they improved their listening skills and communicated more openly after the team-building intervention. They
were better able to address conflicts directly with people in the work group. Both the staff and the nurse
manager reported improvements in (a) following through on commitments, (b) explaining obstacles, (c)
keeping others updated on progress, (d) accepting constructive feedback in a positive, nondefensive manner,
(e) demonstrating personal accountability, and (f) acquiring and sharing knowledge related to the job.
Although the differences pre- and posttest were not statistically significant, staff reported that esprit de corps
on the unit improved. The staff also discussed their experiences with staff from a similar unit. They believed
that the team-building program was beneficial and recommended that the other unit manager and staff develop
a similar team-building program.
The turnover rate from the year prior to the intervention to the year after the team-building program dropped
from an annual rate of 13.42% to 6.56% (Wesley Long/Moses Cone Health System Turnover Report, 2001,
Members of the nursing staff were still not satisfied with pay rates, and they thought pay rates were the most
important factor in work satisfaction. Consistent with these findings, in a study using the IWS with 150 nurses
in a Midwestern hospital, Goodell and Coeling (1994) also found that nurses rated pay as the most important
factor in job satisfaction. In that same study, professional status and interactions were ranked most satisfying
by the nursing staff, and pay and task requirements were rated least satisfying. Clearly, policies related to pay
and benefits must be continually evaluated to retain nursing staff. Although staff may remain on the job
because of status and good interpersonal relationships, leaders/managers must still address issues related to pay
in order to retain nurses.
Kovner, Hendrickson, Knickman, and Finkler (1994) also found that good communication was essential to
building a cohesive work unit. Leppa's (1996) study found that job satisfaction improved as a result of being
part of a cohesive work group, and Shader et al. (2001) found that job satisfaction and group cohesion were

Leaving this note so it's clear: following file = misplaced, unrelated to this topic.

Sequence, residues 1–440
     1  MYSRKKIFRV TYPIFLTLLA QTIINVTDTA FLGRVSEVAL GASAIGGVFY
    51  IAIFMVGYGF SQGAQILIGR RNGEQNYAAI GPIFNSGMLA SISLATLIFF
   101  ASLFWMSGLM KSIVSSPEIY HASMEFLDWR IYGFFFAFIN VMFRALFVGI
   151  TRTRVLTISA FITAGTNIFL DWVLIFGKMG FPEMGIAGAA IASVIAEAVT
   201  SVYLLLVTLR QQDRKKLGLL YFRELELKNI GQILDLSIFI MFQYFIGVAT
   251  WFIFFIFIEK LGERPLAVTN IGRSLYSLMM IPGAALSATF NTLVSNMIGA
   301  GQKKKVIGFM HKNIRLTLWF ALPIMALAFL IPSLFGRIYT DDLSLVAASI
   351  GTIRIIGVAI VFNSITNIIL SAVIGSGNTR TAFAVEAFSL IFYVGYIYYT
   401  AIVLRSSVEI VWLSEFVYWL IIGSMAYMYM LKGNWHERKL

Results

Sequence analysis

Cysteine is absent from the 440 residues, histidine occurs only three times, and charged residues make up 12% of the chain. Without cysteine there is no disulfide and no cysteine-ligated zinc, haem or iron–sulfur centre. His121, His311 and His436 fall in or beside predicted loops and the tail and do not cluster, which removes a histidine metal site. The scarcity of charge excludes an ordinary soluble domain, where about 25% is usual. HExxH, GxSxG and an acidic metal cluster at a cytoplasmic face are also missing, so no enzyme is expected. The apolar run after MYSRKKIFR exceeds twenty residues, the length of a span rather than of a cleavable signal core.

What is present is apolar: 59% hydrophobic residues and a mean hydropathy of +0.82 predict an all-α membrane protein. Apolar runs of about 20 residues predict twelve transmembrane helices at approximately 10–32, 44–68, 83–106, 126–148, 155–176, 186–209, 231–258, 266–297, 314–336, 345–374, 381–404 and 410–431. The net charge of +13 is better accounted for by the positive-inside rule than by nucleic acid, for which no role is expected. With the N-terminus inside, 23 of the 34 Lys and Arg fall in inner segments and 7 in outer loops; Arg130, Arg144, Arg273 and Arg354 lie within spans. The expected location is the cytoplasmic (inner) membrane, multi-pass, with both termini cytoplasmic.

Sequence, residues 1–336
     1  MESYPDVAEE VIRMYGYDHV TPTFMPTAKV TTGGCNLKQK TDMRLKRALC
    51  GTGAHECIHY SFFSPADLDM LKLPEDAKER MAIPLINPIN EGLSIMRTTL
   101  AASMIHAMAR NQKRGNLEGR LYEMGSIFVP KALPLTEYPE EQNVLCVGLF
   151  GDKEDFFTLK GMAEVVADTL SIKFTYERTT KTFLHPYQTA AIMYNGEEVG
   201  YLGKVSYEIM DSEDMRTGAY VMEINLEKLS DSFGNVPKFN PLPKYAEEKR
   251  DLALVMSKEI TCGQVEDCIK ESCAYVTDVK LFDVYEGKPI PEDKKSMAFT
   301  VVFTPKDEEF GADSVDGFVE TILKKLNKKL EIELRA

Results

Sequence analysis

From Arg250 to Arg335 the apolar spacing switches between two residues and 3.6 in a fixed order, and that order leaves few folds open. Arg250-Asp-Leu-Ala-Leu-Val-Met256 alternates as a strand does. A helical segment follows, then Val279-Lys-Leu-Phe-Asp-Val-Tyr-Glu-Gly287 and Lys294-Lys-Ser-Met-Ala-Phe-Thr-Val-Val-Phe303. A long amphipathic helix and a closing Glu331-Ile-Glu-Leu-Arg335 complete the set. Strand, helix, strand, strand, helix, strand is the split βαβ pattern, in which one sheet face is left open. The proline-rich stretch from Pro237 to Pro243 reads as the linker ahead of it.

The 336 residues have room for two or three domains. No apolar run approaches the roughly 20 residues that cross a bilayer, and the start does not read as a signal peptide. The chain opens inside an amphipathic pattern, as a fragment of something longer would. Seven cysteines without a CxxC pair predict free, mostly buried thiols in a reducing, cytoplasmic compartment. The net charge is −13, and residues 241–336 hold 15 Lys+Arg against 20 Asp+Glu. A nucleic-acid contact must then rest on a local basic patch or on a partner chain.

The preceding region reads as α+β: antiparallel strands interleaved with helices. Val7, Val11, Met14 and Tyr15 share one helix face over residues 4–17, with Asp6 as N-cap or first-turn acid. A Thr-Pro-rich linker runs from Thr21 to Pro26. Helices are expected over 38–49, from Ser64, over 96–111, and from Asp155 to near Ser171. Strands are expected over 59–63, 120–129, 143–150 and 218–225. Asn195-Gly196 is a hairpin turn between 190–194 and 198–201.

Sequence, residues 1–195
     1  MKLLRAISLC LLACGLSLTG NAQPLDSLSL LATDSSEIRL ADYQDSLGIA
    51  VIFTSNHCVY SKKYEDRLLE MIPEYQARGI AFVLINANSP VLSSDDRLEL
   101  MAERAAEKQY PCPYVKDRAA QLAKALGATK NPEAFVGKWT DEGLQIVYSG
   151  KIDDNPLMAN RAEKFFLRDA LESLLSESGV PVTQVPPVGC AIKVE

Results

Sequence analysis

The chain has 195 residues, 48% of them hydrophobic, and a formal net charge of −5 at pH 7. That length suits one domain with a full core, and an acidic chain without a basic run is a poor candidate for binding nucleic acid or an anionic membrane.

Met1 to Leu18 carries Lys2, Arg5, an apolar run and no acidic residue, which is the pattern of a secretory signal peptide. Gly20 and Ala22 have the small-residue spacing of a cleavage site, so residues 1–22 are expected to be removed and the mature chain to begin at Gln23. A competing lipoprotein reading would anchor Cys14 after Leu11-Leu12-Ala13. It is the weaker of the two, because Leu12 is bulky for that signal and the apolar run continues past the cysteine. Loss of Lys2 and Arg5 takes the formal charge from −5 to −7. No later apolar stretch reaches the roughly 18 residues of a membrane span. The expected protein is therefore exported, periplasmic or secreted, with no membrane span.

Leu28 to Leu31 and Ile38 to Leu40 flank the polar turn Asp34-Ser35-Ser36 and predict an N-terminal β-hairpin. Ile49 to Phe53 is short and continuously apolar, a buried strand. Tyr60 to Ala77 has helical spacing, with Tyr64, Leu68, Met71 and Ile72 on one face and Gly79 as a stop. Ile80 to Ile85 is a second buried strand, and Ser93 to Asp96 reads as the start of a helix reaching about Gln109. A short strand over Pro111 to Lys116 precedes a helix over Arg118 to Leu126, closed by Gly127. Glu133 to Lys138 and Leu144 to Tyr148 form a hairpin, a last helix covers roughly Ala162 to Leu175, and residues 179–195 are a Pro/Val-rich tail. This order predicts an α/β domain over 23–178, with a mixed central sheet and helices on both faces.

important in improving staff retention. Leader/managers may not always have control over policies related to
pay and benefits, but building a cohesive team is something they can do to retain nursing staff.
TABLE 4 Tips for the Staff Development Consultant
The staff development consultant, as an unbiased group facilitator, educator, and strategist, can be extremely
helpful to the unit manager in developing positive relationships among staff members. Team building in today's
healthcare environment is important to improve morale and enhance staff retention. A nursing unit's reputation
as a positive work environment becomes well known among other hospital employees, and this also helps to
recruit motivated and dedicated staff. Table 4 contains helpful hints for the staff development educator.
Strategies to enhance communication and provide an understanding of group dynamics and the importance of
interdependent roles promoted good working relationships. Building a successful team is essential to create a
positive work environment. Team-building activities must be ongoing; however, the nurse leader/manager
must nurture interpersonal relationships and encourage staff's efforts at effective communication. Skill
building to improve communication should be a managerial goal. With improved interstaff communication,
team members will become more comfortable in addressing issues among themselves, problem solving
together, and resolving conflicts. Promoting activities that increase teamwork will ultimately improve staff
satisfaction. Staff members who are satisfied with their work environment will want to remain on the job,
saving hospitals' money needed for staff recruitment. Retaining a stable work force will enable hospitals to
provide quality care, resulting in positive outcomes for patients and economic viability for healthcare
organizations. The staff development expert can assist the leader/manager to develop strategies for building an
effective team and helping nursing staff develop interpersonal skills and function as a cohesive group.